inequality and inflation have nothing to do with money supply or interest rates: it’s the land supply.

Montana is the 4th largest US state, at 145,552 square miles, and the 44th largest in population with 1,085,407, 48th in density.

So why is there a housing crisis in Bozeman?

In June, the median sale price for a single-family home in Bozeman – a county of 115,000 inhabitants – was $720,000, up 49% from the same month a year earlier, according to a local realtors’ association. The US census reports the county gained 30,000 new people in the last decade, as the sprawl of new homes and condos for miles can attest.

Those are Seattle prices and Seattle alone has almost as many people as the whole state of Montana.

Schmidt jokes that “low-income” in Bozeman now means anyone who makes less than $70,000 a year. As the city’s unhoused population rises and workers both blue and white collar flee to cheaper towns and other states, it’s hard to not see his logic.

$70,000 a year is what Dan Price at Gravity Payments settled on a starting wage for his employees a few years ago. What jobs pay that in Montana?

“Every week we have calls from people who have been on a month-to-month lease on a property here in Bozeman, and the landlord informs them that they will not be renewing it,” says [Brian] Guyer [,the city’s affordable housing coordinator]. “Those people are finding alternatives, like sleeping in their car. We’re seeing a big increase in the number of urban campers.”

Rentiers are not renewing leases to working people when they can make more renting to wealthy paradise seekers. That’s the landlord’s game, as any one knows who has played Monopoly.

And this is pretty close to what I have been saying about gentrification:

Wealthy people are often trying to “undergo a personal transformation of sorts” when they move west, but they don’t consider how that transforms communities.

“First when very wealthy people move into a place, they bring with them the culture and lifestyle they have. There’s a bar for what they expect in terms of services,” says Farrell.

Thus, a city like Bozeman gets a better variety of restaurants and bars, some better hiking trails and other perks, but when residents are priced out, who can afford to live there and enjoy the amenities? “The underlying structural issues are getting worse and a lot of that is caused by their presence,” says Farrell. — emphasis added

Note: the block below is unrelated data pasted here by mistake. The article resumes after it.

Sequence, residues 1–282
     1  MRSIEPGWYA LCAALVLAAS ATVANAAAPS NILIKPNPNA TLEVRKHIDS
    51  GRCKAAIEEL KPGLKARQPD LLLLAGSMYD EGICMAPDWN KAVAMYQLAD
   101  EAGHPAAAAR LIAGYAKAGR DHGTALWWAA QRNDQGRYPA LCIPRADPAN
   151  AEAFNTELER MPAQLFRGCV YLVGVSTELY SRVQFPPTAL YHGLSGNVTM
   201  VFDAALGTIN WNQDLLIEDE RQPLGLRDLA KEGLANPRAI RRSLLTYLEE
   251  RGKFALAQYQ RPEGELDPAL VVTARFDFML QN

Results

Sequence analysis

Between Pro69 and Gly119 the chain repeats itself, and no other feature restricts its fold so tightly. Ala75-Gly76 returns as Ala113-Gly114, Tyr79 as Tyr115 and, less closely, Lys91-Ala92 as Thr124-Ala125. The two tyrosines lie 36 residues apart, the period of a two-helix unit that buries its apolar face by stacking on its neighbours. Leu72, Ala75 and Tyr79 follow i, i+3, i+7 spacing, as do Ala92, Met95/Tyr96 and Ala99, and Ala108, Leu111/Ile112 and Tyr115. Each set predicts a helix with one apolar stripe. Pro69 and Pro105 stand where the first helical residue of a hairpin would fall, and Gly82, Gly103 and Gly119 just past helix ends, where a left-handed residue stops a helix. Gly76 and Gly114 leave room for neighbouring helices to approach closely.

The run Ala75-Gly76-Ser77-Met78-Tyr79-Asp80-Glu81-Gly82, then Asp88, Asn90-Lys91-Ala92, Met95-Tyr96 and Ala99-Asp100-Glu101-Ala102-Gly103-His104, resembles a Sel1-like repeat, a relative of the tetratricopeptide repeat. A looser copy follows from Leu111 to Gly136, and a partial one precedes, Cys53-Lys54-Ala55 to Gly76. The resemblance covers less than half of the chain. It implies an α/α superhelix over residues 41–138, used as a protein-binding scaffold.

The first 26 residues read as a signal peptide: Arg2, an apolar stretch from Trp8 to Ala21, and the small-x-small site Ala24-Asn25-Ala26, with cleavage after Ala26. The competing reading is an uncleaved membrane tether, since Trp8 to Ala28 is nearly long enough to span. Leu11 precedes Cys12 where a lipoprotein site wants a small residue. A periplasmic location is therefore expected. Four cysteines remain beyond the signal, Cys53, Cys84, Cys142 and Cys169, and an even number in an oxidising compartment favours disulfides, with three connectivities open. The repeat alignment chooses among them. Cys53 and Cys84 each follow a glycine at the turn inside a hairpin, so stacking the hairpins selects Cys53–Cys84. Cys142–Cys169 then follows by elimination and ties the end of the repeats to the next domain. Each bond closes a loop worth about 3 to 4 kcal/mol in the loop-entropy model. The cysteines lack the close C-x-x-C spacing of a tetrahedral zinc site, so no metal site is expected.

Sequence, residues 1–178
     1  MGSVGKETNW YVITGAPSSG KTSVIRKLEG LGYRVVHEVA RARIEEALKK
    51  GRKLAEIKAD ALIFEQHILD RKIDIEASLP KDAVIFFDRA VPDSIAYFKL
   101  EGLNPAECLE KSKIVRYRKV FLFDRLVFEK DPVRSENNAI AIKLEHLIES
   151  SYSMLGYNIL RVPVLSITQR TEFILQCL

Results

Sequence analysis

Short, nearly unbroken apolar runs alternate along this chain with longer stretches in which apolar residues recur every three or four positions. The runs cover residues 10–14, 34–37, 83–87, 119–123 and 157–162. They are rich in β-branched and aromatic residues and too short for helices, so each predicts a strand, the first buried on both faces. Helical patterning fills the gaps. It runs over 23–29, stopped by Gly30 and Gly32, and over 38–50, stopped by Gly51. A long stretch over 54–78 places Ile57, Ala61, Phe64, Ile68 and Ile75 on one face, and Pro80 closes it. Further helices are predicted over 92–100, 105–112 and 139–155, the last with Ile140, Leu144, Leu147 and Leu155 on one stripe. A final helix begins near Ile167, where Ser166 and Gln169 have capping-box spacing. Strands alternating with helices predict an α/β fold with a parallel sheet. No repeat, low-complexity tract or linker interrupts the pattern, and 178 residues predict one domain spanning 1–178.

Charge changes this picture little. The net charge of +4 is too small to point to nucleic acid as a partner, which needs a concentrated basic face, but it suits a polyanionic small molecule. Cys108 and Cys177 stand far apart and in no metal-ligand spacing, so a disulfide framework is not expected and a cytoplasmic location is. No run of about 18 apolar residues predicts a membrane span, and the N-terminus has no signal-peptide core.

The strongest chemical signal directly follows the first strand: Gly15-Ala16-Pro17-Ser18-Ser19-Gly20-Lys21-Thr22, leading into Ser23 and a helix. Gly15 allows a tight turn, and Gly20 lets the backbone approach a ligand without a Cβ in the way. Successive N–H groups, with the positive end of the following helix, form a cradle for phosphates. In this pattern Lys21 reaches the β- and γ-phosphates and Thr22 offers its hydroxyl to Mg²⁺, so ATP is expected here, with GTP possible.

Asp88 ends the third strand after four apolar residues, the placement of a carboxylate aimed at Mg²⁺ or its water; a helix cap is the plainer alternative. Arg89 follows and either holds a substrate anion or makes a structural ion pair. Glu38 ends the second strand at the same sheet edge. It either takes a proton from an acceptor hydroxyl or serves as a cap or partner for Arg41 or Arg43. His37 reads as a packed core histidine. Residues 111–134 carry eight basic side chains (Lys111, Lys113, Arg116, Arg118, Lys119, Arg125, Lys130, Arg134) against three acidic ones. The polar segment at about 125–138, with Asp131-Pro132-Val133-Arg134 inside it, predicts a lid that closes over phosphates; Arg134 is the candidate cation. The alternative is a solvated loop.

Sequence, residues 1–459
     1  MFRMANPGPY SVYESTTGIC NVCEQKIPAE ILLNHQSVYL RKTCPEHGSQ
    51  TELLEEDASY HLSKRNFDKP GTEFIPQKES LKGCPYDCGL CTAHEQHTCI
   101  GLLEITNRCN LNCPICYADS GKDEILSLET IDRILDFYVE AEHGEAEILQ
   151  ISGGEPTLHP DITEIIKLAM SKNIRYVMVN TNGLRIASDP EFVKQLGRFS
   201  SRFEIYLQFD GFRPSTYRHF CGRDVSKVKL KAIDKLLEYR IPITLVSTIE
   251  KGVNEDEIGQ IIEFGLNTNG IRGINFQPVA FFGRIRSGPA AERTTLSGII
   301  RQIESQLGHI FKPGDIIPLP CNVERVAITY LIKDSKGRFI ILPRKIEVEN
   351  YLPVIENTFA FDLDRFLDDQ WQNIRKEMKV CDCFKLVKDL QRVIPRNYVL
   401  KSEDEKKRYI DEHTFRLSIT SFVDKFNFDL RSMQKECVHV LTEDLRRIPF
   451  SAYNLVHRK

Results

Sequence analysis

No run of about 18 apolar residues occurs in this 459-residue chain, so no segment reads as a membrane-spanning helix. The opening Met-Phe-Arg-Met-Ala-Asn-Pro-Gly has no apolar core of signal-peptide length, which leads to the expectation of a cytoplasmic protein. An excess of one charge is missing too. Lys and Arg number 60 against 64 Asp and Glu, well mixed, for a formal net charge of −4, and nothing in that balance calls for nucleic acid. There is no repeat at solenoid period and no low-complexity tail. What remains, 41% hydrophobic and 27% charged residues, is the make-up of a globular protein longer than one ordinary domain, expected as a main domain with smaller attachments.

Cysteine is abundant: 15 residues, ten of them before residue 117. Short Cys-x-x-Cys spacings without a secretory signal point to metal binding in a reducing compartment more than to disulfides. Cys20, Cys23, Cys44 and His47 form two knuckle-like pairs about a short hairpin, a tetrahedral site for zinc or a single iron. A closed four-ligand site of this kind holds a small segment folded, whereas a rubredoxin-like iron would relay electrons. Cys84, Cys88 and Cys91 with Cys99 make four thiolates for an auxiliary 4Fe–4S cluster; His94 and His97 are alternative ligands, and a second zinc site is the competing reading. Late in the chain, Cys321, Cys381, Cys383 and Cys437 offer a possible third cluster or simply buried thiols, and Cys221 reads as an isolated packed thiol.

What attracts wealthy paradise seekers is what’s already there…the open spaces and higher buying power. The new bars and high-end restaurants are how the locals pry money out of the newcomers, at the expense of their own workers and ultimately themselves, as their own rents and other costs go up.

Wealth equals power, as Adam Smith reminds us (after Hobbes) and land is wealth, that the more people who have to compete to access to land, to live or work on it will have to pay more (after Henry George).

In Bozeman, Brian Guyer braces for things to get worse before they improve. The city’s affordable housing coordinator himself had to move out of town, 25 miles away to Livingston, when his landlord jacked up his rent.

So what is to be done? Regulate land as a public utility…tax the value of land to return the value created by workers and business owners to the city and make sure land gets used to its highest and best value. If developers want to attract wealthy paradise seekers, they should pay for the productive value of the land they develop. View property or large parcels that could house tens of working families should be taxed based on that value, not sold and held out of productive use with a single large house that lies empty part of the year. By all means, come visit, but remember you are a guest. Seek paradise but don’t think you can own it.

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